Want to get away and explore a different time period?
Look no further, these books are your tickets to the past!
Lilac Girls by Martha Hall Kelly
For readers of The Nightingale and Sarah’s Key, and inspired by the life of a real World War II heroine, this remarkable debut novel reveals the power of unsung women to change history in their quest for love, freedom, and second chances.
The lives of three women are set on a collision course when the unthinkable happens and one of them is sent to Ravensbrück, the notorious Nazi concentration camp for women. Their stories cross continents—from New York to Paris, Germany, and Poland—as they strive to bring justice to those whom history has forgotten.
“A profound, unsettling, and thoroughly captivating look at sisterhood through the dark lens of the Holocaust. Lilac Girls is the best book I’ve read all year. It will haunt you.”
—Jamie Ford, New York Times bestselling author of Hotel on the Corner of Bitter and Sweet
The Lost Letter by Jillian Cantor
A heart-breaking, heart-warming historical novel of love and survival inspired by real resistance workers during World War II Austria, and the mysterious love letter that connects generations of Jewish families.
Austria, 1938. Kristoff is a young apprentice to a master Jewish stamp engraver. When his teacher disappears during Kristallnacht, Kristoff is forced to engrave stamps for the Germans, and simultaneously works with the Austrian resistance to send underground messages and forge papers.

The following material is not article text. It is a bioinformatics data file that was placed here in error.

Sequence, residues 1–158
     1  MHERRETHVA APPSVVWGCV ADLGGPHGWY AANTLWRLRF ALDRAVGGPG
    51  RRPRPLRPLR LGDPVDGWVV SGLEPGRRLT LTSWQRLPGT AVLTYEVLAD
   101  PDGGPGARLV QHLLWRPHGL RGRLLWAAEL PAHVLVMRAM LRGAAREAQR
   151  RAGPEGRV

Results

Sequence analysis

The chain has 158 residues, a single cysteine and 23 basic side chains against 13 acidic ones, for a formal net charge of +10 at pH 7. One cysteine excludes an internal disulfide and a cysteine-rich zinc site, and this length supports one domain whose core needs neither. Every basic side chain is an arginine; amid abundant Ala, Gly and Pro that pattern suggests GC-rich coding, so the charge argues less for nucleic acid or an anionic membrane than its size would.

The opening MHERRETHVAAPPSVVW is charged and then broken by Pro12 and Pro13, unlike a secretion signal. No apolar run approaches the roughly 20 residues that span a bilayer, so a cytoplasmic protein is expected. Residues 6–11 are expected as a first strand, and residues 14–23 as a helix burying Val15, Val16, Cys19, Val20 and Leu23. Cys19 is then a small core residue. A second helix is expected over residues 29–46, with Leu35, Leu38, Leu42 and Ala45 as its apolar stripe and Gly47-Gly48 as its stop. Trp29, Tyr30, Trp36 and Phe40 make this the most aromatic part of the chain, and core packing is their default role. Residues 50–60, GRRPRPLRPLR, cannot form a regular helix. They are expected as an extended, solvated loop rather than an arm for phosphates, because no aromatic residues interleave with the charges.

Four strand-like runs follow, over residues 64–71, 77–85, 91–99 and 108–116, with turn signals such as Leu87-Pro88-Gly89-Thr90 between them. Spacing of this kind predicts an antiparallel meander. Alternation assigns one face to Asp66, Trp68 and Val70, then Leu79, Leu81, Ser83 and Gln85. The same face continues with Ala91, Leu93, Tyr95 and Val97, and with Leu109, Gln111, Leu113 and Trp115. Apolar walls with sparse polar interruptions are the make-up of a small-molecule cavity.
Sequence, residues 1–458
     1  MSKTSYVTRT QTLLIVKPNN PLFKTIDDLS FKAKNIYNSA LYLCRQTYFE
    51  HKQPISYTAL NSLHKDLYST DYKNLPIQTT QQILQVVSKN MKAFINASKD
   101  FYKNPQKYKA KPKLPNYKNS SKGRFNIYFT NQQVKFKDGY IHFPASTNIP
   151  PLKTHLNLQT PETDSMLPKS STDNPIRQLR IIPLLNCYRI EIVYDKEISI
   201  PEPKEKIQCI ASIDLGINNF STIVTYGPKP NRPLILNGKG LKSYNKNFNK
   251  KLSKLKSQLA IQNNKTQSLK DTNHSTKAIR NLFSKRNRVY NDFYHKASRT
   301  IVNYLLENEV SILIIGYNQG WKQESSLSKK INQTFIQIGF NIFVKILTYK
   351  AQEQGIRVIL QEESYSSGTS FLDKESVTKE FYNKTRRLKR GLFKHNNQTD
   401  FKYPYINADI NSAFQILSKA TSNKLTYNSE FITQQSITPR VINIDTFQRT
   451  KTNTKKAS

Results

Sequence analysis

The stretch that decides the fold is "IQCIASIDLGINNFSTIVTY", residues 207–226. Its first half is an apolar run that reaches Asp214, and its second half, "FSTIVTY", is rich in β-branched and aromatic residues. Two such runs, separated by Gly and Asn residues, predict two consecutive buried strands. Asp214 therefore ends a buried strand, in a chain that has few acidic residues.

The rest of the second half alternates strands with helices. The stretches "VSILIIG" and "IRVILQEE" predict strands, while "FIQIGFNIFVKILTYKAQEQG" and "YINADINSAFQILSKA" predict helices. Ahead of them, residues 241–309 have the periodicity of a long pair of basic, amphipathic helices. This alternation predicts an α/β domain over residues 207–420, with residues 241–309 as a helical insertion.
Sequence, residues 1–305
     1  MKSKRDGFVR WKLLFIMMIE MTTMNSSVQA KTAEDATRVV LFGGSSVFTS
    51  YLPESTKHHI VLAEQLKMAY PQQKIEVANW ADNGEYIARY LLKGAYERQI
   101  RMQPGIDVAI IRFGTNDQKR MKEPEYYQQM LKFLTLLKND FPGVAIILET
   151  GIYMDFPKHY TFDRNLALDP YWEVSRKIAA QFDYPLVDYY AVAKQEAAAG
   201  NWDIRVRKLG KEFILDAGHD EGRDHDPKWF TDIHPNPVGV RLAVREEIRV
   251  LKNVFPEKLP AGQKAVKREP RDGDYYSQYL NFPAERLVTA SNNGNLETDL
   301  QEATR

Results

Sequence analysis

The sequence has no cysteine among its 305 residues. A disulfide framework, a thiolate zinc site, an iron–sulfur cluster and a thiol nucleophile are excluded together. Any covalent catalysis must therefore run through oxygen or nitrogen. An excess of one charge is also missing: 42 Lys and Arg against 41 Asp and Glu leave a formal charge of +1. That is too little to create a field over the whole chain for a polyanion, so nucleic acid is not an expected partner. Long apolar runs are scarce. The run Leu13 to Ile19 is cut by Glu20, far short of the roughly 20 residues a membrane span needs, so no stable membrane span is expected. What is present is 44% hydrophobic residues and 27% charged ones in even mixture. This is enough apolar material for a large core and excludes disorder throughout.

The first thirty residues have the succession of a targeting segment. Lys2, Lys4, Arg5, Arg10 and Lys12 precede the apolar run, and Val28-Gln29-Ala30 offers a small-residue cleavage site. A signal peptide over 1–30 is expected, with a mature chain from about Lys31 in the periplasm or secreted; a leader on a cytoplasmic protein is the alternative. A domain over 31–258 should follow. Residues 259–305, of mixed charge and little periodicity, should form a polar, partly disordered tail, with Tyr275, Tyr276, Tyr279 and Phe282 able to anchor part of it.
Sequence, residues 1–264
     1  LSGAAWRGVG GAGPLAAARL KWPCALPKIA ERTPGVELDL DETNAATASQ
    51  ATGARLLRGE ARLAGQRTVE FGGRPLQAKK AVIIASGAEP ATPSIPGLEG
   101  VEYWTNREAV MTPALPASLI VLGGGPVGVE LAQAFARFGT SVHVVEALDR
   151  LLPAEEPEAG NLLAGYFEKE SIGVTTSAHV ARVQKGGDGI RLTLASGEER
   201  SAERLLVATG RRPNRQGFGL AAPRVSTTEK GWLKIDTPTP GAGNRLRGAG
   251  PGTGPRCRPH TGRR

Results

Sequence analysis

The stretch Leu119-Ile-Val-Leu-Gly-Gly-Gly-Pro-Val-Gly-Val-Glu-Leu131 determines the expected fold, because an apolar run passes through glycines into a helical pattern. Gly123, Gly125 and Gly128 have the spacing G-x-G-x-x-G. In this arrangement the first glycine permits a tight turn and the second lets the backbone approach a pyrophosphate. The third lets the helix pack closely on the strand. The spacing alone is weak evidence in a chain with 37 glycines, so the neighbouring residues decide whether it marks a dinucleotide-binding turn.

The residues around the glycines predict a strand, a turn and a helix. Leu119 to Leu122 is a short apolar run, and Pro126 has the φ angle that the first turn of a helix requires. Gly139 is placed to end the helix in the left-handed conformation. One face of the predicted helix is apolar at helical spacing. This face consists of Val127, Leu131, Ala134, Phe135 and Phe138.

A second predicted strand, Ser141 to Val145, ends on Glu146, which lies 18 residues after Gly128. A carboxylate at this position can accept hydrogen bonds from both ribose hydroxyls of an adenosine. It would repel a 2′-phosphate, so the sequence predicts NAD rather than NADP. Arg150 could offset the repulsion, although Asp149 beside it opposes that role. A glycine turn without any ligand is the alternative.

Los Angeles, 1989. Katie Nelson is going through a divorce and while cleaning out her house and life in the aftermath, she comes across the stamp collection of her father. When an appraiser discovers an unusual World War II-era Austrian stamp placed on an old love letter as he goes through her dad’s collection, they are sent on a journey together that will uncover a story of passion and tragedy spanning decades and continents, behind the just fallen Berlin Wall.
“A tender, ravishing story that illuminates the sacrifices of a generation on an achingly human scale. A deeply enthralling, deeply satisfying historical love story.” —Beatriz Williams, New York Times bestselling author of A Hundred Summers and The Wicked City
If I Could Tell You by Elizabeth Wilhide
Kristin Hannah’s The Nightingale meets Anna Karenina, a vivid and captivating novel of love, war, and the resilience of one woman’s spirit.
England, 1939: Julia Compton has a beautifully well-ordered life. Once a promising pianist, she now has a handsome husband and a young son she adores. Then, on the eve of war, a film crew arrives in her coastal town. She falls in love.
The consequences are devastating. Penniless, denied access to her son, and completely unequipped to fend for herself, she finds herself adrift in wartime London with her lover. As the German invasion looms and bombs rain down on the city, Julia faces a choice—succumb to her fate, or fight to forge a new identity in the heat of war.
“A marvelous work of historical fiction, beautifully crafted and inhabited by morally complex and fully realized characters . . . compelling, immersive, and utterly impossible to put down.” —Jennifer Chiaverini, New York Times bestselling author of Fates and Traitors and Mrs. Lincoln’s Dressmaker
The Chilbury Ladies’ Choir by Jennifer Ryan
In the Name of Family by Sarah Dunant
Before the Corleones, before the Lannisters, there were the Borgias. One of history’s notorious families comes to life in this captivating novel from the author of The Birth of Venus.